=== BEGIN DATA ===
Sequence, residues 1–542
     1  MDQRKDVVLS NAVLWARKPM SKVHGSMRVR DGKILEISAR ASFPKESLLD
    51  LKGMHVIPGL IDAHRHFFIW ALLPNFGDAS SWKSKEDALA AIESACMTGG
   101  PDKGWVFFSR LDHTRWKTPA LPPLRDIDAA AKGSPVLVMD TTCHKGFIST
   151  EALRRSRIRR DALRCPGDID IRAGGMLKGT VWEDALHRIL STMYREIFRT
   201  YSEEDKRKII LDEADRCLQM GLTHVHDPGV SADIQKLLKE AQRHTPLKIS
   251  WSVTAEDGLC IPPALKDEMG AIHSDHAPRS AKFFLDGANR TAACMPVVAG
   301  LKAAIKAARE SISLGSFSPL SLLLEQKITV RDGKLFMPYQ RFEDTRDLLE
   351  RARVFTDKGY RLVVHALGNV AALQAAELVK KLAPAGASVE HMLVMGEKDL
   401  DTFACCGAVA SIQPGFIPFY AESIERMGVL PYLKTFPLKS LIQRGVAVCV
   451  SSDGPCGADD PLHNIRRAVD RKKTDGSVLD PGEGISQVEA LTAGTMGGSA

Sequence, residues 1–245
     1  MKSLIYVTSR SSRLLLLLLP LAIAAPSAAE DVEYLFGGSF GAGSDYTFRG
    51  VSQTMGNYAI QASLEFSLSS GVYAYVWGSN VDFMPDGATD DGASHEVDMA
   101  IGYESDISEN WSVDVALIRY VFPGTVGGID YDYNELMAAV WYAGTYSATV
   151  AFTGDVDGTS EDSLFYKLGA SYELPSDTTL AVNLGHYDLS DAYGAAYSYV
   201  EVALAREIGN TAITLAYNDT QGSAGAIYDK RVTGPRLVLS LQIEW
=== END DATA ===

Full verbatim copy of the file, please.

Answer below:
Sequence, residues 1–542
     1  MDQRKDVVLS NAVLWARKPM SKVHGSMRVR DGKILEISAR ASFPKESLLD
    51  LKGMHVIPGL IDAHRHFFIW ALLPNFGDAS SWKSKEDALA AIESACMTGG
   101  PDKGWVFFSR LDHTRWKTPA LPPLRDIDAA AKGSPVLVMD TTCHKGFIST
   151  EALRRSRIRR DALRCPGDID IRAGGMLKGT VWEDALHRIL STMYREIFRT
   201  YSEEDKRKII LDEADRCLQM GLTHVHDPGV SADIQKLLKE AQRHTPLKIS
   251  WSVTAEDGLC IPPALKDEMG AIHSDHAPRS AKFFLDGANR TAACMPVVAG
   301  LKAAIKAARE SISLGSFSPL SLLLEQKITV RDGKLFMPYQ RFEDTRDLLE
   351  RARVFTDKGY RLVVHALGNV AALQAAELVK KLAPAGASVE HMLVMGEKDL
   401  DTFACCGAVA SIQPGFIPFY AESIERMGVL PYLKTFPLKS LIQRGVAVCV
   451  SSDGPCGADD PLHNIRRAVD RKKTDGSVLD PGEGISQVEA LTAGTMGGSA

Sequence, residues 1–245
     1  MKSLIYVTSR SSRLLLLLLP LAIAAPSAAE DVEYLFGGSF GAGSDYTFRG
    51  VSQTMGNYAI QASLEFSLSS GVYAYVWGSN VDFMPDGATD DGASHEVDMA
   101  IGYESDISEN WSVDVALIRY VFPGTVGGID YDYNELMAAV WYAGTYSATV
   151  AFTGDVDGTS EDSLFYKLGA SYELPSDTTL AVNLGHYDLS DAYGAAYSYV
   201  EVALAREIGN TAITLAYNDT QGSAGAIYDK RVTGPRLVLS LQIEW